Have a social life and be a good friend. Spending time with your beloved pet has incredible benefits. But improving social bonds with other human beings can reduce stress and increase lifespan. Many animals including chimpanzees, horses, and elephants have best friends. If you’re not a big fan of most humans (and who could blame you), try socializing with other animal-loving people. For example, you could socialize your dog and meet like-minded individuals at the same time by visiting a local dog park. A quick Google search can yield several dog parks, gathering places, and events around you. Your dog will thank you, and you’re almost guaranteed to make a new human friend. And for the real friends you already have, be the best friend you can be. Dogs are loyal to the end; they are perpetually in our corner—the highest of attributes we look for in the best of friends and the closest of family members.

Be in the present moment. Animals have the luxury of having a small pre-frontal cortex region of their brain, which means they don’t waste their time thinking of the future or the past. Too often, we humans find ourselves irritated with the present moment, as if it were a stumbling block to wherever we are heading. We live for the end of the day, the end of the week, the vacation, and the retirement. And if we have nothing to look forward to, we wish for the past.
If you can find a way to enjoy the present moment, you’ll find happiness, too.

Take more naps. Lack of sleep is increasingly problematic for the health and everyday well-being of humans today. We can’t seem to find time in our busy schedules to rest. But the benefits can be exponential. Even if you find it difficult to take a quick cat nap in the middle of the day, closing your eyes in a quiet room for just 15 to 20 minutes a day can boost alertness, increase creativity and improve memory.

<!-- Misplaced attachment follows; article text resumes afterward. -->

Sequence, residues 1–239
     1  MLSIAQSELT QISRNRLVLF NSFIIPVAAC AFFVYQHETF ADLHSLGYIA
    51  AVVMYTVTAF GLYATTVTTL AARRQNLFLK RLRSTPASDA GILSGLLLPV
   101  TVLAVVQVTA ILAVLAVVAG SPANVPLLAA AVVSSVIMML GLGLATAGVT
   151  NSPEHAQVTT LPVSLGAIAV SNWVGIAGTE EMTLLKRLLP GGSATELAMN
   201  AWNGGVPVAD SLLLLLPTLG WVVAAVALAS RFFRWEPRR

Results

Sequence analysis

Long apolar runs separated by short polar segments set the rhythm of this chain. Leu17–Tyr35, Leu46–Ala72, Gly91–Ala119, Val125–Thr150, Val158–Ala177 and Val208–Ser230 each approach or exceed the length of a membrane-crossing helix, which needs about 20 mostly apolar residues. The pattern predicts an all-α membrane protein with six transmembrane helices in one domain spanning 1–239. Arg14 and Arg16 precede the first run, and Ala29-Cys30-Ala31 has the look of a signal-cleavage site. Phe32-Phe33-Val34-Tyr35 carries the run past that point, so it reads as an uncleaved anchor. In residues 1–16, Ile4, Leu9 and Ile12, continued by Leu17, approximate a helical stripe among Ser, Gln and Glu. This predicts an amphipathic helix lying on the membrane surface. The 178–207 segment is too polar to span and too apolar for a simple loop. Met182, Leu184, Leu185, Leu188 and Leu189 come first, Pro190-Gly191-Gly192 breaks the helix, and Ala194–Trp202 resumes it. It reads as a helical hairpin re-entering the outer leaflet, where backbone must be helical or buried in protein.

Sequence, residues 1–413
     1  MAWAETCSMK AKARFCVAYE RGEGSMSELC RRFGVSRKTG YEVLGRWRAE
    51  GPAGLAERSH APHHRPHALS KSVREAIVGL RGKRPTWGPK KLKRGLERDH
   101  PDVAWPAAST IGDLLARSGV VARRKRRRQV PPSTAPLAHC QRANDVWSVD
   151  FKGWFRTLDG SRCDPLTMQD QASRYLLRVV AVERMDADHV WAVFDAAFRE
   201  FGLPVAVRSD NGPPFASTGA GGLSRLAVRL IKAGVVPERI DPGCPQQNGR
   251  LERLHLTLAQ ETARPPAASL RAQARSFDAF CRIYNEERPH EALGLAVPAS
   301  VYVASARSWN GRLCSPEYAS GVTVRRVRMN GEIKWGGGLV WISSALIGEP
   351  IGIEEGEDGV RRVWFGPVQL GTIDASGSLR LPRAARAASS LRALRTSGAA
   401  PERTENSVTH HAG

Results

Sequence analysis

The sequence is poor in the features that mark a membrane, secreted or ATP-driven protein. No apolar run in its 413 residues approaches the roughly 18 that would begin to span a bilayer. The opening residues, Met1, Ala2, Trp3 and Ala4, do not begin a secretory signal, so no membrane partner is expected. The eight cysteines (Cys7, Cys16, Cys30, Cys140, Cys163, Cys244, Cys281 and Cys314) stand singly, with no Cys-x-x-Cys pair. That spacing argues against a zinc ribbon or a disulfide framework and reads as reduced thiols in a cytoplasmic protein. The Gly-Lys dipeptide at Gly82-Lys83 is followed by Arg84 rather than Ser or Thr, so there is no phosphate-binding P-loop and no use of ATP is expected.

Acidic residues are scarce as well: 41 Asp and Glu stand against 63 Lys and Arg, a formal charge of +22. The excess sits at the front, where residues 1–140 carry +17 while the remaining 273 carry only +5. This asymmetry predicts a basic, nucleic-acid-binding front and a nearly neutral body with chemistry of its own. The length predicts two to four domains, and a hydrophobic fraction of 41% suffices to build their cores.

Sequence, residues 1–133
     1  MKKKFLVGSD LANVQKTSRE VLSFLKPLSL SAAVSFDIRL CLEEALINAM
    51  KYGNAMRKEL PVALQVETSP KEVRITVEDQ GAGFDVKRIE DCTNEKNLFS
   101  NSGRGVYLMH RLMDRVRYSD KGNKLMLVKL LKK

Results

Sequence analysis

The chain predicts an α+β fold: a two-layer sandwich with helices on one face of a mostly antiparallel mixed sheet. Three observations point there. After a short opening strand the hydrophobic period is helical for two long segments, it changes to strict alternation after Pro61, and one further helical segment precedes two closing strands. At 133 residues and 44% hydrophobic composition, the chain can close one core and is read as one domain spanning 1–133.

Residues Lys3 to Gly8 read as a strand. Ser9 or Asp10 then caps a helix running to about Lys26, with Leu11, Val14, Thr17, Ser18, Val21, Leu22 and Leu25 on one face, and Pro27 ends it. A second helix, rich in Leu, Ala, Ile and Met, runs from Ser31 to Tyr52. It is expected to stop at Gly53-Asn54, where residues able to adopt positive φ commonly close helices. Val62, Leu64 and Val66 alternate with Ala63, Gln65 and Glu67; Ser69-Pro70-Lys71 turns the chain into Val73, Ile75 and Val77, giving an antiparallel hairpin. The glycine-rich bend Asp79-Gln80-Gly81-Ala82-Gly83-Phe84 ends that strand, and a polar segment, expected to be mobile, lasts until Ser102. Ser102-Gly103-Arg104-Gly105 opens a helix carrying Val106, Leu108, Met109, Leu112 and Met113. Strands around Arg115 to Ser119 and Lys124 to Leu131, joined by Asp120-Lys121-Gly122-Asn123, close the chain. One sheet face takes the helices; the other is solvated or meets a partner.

Be more empathetic. Dogs will lick or nuzzle a person crying or in distress. Recognizing and acknowledging the feelings of others goes a long way toward healing stress and bonding. Too often, we try to come up with just the right words to say. But in observance of animals, we can see that a hug or even a gentle squeeze of the hand does much more than words alone can do to make someone else feel better.

Take pleasure in the smallest of things. Dogs gain immense pleasure from the simplest activities, such as taking walks, going for a car ride, or a playing with a ball. Cats can find enjoyment in playing with a piece of string, staring out the window at a bird, or by giving themselves a bath. The ability to entertain yourself or to find joy in the little things will make your life infinitely better.

Don’t give up! Humans are not hardwired to seek and accomplish seemingly impossible feats of physical and mental endurance. But if salmon can swim thousands of miles upstream to find their destiny, you can surely do your best to accomplish your goals as well. Just remember that life is about the journey, not the destination. It’s easy for us humans to forget that and give up when our goals are not quickly and easily reached.

Now go out and be the person your pet thinks you are.

Kent Thune lives with his animal-rescuing wife, Angie Thune, two pet-loving sons, six cats and one dog. When he’s not spending time with his family and pets, he’s advising clients on how to manage their money, writing articles, working on his book, or teaching students at Hilton Head Island High School. You can follow his musings on mind, money and mastery of life at TheFinancialPhilosopher.com or follow him on Twitter @ThinkersQuill.